Monday, 12 October 2020
Tuesday, 5 May 2020
Can we combine business culture and Christian culture or are they incompatible. Is one about worship and the other about greed?
Culture has been defined as our habits and lifestyle. Things we do without thinking about it.
When thinking about Business culture we must go back to the Garden of Eden where we were encouraged to manage the earth, produce, grow and expand (Genesis 1: 28). In fact our work is seen as our worship. Adam was told to ‘till’ the ground. Which can be translated work, manage or serve as the priests did in their worship in the temple (Genesis 2: 15).
This immediately compels us to take away the sacred secular divide. Which means we can no longer do Christian culture in the church and perhaps family but something different in business. If we have a Kingdom understanding then we realise that King Jesus permeates every aspect of our lives and we are to bring His rule and presence into the earth.
Our creation and new creation mandate is to bring Jesus presence into every area of society and rescue it from the decay of the fall. After all the literal meaning in Hebrew of the name Jesus means Yahweh Saves and delivers. Business is a great vehicle for this redeeming of the structures of our society.
Therefore business is only truly successful in the fullest understanding of the word ‘success’, when it not only creates profits but creates profits through things that are constructive for society (Joshua 1: 8).
So the call to business or entrepreneurship is just as much a ministry as the call to work in the church or family or a charity. In fact I believe the church should be the place where we equip entrepreneurs and business people for their calling (Ephesians 2: 10). After all Jesus was originally part of the family business and many of the early disciples were business people. They used their work to spread the gospel. Paul and Aquila and Priscilla had a tent making business, Peter and James were fisherman, Matthew ran a tax collection agency. In fact Paul saw a greater advancement of the gospel when he went back into business.
Some of the greater changes have happened in society when the church has risen up in their callings as business people, educators, artists and politicians. This was seen in remarkable ways in the Victorian era by Christians who created humane working conditions for their staff and saw the abolition of slavery. They were a product of the Wesleyan revival. As a result of this these Christian entrepreneurs established housing, parks, museums, schools, and hospitals to serve their workers. This had a knock on affect and other businesses had to follow their example or lose out. It produced our modern understanding of an HR department caring for its staff.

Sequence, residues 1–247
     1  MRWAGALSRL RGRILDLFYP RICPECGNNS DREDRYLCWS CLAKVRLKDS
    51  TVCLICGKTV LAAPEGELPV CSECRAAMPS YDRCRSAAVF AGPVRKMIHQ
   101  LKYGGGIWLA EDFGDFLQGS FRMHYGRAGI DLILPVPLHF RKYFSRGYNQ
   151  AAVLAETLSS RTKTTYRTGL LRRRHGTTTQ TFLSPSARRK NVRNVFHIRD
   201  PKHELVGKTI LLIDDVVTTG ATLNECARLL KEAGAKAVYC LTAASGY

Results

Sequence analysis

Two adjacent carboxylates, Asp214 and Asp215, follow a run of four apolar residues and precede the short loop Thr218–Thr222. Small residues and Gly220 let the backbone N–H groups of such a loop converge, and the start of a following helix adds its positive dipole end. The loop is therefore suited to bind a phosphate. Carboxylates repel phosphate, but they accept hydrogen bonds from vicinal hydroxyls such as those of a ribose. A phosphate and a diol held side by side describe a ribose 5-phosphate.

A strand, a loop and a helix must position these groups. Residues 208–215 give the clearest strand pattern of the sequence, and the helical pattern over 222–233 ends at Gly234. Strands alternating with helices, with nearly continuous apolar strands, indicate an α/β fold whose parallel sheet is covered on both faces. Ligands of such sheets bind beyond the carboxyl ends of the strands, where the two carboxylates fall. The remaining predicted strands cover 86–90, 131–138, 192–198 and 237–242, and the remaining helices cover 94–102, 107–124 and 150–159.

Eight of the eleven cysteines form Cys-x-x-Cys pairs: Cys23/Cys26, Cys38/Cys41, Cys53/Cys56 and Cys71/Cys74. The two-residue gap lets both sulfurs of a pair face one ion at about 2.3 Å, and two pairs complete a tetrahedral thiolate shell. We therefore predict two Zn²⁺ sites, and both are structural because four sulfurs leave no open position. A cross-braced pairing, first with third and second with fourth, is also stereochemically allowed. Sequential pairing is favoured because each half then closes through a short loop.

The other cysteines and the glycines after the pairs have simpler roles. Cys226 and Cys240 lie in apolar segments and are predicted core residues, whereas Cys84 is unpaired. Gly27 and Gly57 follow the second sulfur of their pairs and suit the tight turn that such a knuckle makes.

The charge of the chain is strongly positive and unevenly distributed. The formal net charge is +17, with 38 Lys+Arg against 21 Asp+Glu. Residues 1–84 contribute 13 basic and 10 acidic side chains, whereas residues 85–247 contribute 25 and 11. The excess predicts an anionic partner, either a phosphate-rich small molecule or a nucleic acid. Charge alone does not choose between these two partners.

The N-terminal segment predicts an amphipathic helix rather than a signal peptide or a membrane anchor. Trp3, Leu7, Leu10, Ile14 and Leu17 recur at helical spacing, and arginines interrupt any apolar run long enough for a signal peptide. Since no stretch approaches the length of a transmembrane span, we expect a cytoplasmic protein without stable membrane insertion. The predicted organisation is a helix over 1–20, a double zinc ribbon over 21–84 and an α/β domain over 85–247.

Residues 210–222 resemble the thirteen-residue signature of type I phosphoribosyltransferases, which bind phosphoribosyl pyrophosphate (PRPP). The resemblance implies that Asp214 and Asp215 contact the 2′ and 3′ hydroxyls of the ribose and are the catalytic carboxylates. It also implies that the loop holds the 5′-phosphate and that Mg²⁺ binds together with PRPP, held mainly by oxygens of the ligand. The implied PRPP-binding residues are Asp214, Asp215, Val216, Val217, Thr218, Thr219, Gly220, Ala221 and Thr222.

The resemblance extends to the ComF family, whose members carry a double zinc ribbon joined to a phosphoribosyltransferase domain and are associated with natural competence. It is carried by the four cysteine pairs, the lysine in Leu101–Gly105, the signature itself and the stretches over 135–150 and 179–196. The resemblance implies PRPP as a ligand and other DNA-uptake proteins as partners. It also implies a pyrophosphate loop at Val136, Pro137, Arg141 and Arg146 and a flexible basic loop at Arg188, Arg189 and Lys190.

Christian culture should affect every aspect of business including the way we sell and make profits. The business is there to diagnose the needs of their clients and then serve them by bringing them from their painful problem into their promised land.
Having worked with my brother when he first started his business in the late eighties (yes, I am that old), I took this approach to selling when recommending computer systems to clients. My brother told me that the clients I brought on board tended to be long lasting customers. Some were still customers 25 years later. His business became a multimillion pound concern. So offering genuine help rather than a quick buck will not only help customers but will also be profitable for a business. In my business life I also did not shy away from praying for the sick, including a Muslim accountant who was instantly healed and called to the office to let me know.
So we cannot separate Christian culture from business culture. Christian culture, which is Kingdom culture, is what makes not just the church or business work, but the whole world work. Creation is waiting in eager expectation for the sons of God to be revealed (Romans 8: 19).